Larry also talked about:
- Platforms and ecosystems: The importance of understanding platforms, the diversity out there and how learning to think at platform level will ensure you get it right.
- Technology: Understand the tech stack you are working with, and that the fastest innovation comes from using existing open source tools
- Ethics: Have heart and sense about what the world needs right now in products and services. Also, don’t just test prototypes in a lab, but test with your heart and your head too - do you want your kids to live in that world?
Finally, Larry’s advice on innovation was:
If your idea is bold enough you can deliver it slowly. If you are being told you are not moving fast enough, your idea might not be bold enough and could be quite ordinary.
Mauro is a freelance Designer and the founder of, Being Visual, in Germany. He ran a couple of sketching activities during his workshop to:
- Illustrate how differently people think even when given the same topics to discuss and the same tasks to complete;
- Get people to think creatively, even when working within a structured framework.
The two activities really inspired me, and I will be trying them out in some of our own Orange Bus workshops as soon as possible. Also, as a UX Designer with a visual background, the illustrations he used to guide us through the workshop were superb.
During the session, he talked about:
- Visual vocabulary: Understanding your audience including clients, the language they use and the importance of using the right metaphors that will make sense to them - use their language, not just ours.
- Complex services: Need visuals to help people understand concepts faster. Storyboards are a powerful visualisation tool.
- Collaboration: Co-creation workshops when done well, applying context to each client’s needs, allow us to design better services together.
- Create/sketch first: Give people a starting point to a discussion by creating or sketching an idea or concept out first. This makes it easier to talk, rather than starting from nothing.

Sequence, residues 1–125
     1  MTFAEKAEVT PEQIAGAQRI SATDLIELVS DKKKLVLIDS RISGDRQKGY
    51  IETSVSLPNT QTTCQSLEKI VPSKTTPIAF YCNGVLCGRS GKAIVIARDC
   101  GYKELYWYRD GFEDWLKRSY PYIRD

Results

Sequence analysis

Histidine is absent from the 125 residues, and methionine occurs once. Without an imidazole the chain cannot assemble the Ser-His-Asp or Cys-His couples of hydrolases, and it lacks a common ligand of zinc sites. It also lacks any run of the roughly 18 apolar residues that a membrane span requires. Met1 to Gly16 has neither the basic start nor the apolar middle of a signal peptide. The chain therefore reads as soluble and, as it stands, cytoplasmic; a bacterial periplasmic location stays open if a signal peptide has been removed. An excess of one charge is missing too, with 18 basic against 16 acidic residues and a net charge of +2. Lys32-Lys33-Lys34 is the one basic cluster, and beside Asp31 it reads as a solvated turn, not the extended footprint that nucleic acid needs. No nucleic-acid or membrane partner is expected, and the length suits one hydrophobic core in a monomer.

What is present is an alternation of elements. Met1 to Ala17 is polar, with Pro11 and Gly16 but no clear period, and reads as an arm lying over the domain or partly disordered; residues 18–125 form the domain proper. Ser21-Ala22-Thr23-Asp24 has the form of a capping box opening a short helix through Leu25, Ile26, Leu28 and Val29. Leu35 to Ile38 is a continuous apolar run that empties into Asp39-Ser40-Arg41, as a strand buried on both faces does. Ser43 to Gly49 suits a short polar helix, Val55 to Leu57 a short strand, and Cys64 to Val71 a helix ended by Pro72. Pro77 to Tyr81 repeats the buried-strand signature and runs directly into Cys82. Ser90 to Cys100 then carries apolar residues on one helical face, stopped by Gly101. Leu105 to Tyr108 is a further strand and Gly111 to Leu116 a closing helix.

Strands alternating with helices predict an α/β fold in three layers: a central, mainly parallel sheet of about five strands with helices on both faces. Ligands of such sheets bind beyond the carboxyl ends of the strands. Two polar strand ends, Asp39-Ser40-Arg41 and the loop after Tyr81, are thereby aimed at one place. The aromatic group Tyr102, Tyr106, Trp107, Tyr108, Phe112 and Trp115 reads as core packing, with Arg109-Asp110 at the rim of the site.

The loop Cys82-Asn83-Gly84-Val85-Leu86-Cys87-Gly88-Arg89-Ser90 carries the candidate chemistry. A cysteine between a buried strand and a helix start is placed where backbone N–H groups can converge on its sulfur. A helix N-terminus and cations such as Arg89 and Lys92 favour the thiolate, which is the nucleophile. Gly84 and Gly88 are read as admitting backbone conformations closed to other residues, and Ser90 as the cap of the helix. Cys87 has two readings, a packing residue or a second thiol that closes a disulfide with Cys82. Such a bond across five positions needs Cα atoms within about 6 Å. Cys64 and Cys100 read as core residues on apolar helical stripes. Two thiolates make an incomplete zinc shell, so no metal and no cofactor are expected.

- Frameworks: Give consistency and structure to a storyboard. A good framework is always made up of:
- Problem: Main user + problem that has to be solved
- Solution: Main touchpoint or product staging
- User action: What does the user do to activate the service?
- Service action: How does the service/product react/work?
- Happy end & value: What is the delivered value? What does the expected end scenario look like?
My top piece of advice from Mauro was:
You have to feed the same fish over-and-over again for a concept to be fully understood.
Midway through the conference, came the, Service Design Awards 2017, ceremony. A celebration of all the excellent work within the Service Design industry over the last year. Categories included Commercial, Non-Profit and Student. We were blown away by the quality and creativity of all the finalist’s work and the impact they had.
We especially loved:
- DMA: Design In Schools Australia - a design and education collaboration. Getting Service Design into education by collaborating with school children to help them design a better car parking system.
Servizz Design by Ella Walding - an MA student project where Ella designed a set of service design tools for the Government of Malta.
Lee Moreau, an Architect turned Strategist, is a Principal at Continuum. He told us of his latest project for SouthWest Airlines, redesigning the airport experience and all the challenges and methods they had to adopt.
He showed us a few examples, including: